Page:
How to evaluate quality and composition of an essential oil? And how to be sure that it is really a natural product? Only chemical and chemical-physical analysis can provide reliable informations. In Renolab’s laboratory, by gas chromatography (GC) and mass spectrometry (MS) it is possible to identify the individual components; to detect if two or more oils of similar composition have been mixed; if terpenes have been removed; if an oil has been rectified. It is also possible to reveal traces of solvents or mineral oils. Contact us for information or to request a quote.
Microencapsulation of essential oils is a very attractive technique for the formulation of products in cosmetics and personal care. It allows to overcome the chemical instability and susceptibility to degradation of the essential oils. It is mainly the consumer’s demand to push new cosmetics formulated with natural ingredients and nutraceuticals as an alternative to the chemical substances.
Microencapsulation was introduced for the first time in 1930, but the large-scale application dates back to 1950. Today it is still evolving and it is used in various industrial sectors: food, textile, pharmaceutical, cosmetic, agrochemical.
Different techniques are used for the microencapsulation depending on the active substance, the release properties, the application field and the regulations. However, they can be attributed to three main categories, as a review explains:
– Chemical processes eg. interfacial and in situ polymerization;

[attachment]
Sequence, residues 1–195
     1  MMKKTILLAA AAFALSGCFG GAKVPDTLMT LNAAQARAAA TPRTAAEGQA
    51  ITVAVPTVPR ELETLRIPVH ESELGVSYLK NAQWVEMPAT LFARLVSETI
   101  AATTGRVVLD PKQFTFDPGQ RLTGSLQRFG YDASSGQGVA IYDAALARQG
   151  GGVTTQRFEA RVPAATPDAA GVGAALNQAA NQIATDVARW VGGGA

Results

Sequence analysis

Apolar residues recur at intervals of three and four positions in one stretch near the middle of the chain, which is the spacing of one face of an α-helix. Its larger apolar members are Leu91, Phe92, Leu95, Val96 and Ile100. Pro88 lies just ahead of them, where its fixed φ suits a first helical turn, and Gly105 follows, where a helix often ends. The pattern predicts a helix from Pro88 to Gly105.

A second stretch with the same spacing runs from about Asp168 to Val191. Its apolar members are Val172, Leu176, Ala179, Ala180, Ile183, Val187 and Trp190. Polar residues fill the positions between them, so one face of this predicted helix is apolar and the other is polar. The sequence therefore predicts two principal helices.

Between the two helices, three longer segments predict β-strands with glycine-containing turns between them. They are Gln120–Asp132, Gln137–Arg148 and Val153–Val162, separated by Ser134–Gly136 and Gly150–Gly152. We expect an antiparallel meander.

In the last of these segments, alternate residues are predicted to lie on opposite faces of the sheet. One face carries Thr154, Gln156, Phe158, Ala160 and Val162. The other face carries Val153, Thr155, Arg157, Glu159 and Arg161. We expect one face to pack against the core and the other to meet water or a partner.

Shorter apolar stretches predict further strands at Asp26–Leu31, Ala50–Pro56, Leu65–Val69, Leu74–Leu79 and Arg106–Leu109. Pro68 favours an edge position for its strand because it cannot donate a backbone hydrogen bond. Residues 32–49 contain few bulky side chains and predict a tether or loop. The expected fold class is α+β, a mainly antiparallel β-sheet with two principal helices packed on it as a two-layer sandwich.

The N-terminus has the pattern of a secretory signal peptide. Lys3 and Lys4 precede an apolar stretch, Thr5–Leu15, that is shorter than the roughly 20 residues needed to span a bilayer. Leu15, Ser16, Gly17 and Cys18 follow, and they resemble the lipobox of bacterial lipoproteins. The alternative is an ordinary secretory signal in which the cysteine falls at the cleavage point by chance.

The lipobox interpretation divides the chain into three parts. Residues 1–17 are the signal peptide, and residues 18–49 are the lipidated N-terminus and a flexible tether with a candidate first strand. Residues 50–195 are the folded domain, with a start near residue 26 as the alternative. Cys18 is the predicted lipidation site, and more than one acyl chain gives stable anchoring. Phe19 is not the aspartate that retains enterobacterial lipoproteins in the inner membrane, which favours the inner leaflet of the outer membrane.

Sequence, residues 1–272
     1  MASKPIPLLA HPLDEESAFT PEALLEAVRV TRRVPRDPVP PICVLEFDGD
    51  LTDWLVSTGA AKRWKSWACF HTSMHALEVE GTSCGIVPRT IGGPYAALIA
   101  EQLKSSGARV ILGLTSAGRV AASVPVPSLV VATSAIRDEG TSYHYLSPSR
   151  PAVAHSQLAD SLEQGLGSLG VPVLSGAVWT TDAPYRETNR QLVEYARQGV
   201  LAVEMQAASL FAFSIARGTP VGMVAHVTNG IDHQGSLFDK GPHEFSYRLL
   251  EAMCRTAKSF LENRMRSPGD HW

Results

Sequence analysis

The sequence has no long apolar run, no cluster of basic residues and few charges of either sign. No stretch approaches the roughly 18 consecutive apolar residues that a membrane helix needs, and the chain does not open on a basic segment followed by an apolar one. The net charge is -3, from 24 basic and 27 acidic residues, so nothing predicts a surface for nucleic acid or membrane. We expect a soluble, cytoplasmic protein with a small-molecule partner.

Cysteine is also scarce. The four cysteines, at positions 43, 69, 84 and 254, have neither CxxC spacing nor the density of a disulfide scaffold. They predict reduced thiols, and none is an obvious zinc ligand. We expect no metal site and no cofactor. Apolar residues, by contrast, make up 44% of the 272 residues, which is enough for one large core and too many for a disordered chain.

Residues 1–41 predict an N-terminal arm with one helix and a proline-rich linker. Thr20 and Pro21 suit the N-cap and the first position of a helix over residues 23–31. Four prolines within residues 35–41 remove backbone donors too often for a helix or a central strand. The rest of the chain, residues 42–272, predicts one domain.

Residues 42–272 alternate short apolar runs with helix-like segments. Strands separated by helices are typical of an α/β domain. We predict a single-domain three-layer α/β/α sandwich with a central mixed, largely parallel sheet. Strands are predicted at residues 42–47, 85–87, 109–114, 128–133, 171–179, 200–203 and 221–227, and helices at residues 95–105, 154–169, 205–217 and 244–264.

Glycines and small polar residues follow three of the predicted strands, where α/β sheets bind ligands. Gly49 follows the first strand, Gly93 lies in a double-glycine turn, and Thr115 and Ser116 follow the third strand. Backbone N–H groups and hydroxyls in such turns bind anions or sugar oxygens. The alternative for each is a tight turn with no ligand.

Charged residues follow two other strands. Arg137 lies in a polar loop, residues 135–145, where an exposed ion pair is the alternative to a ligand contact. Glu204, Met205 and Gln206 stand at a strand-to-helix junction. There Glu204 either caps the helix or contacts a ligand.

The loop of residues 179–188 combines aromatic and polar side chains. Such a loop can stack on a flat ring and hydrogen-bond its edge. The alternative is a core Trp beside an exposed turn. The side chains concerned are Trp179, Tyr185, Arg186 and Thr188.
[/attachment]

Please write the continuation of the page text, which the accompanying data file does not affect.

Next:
– Physicochemical processes eg. coacervation (one of the oldest and most widely used methods) and emulsion with solvent evaporation/extraction;
– Physical-mechanical processes eg. air suspension, pan coating, spray drying, spray chilling, spray cooling and fluid bed coating.
Among the various microencapsulation techniques of essential oils, the spray drying has a strong potential for large-scale development: it is simple, fast and flexible. It is suitable for volatile materials thanks to the short contact time in the dryer. It has low production costs too.
For the other methods, here are some of the conclusions of the review:
– Interfacial polymerization: fast, but not easy to control;
– In situ polymerization: it uses many organic solvents and one of the known issues is the residual formaldehyde in the microparticles;
– Coacervation: high efficacy in the control of particle size, but very expensive. The most common problem is the aggregation of the microcapsules;
– Emulsification: produces smaller droplets, but with low efficiency;
– Fluid bed spray: low operating costs, but a very long time.
According to the study, the knowledge about the biological activity of essential oils microencapsulated must be broaden to ensure safe use in the field of cosmetics and to modulate the release of active substances.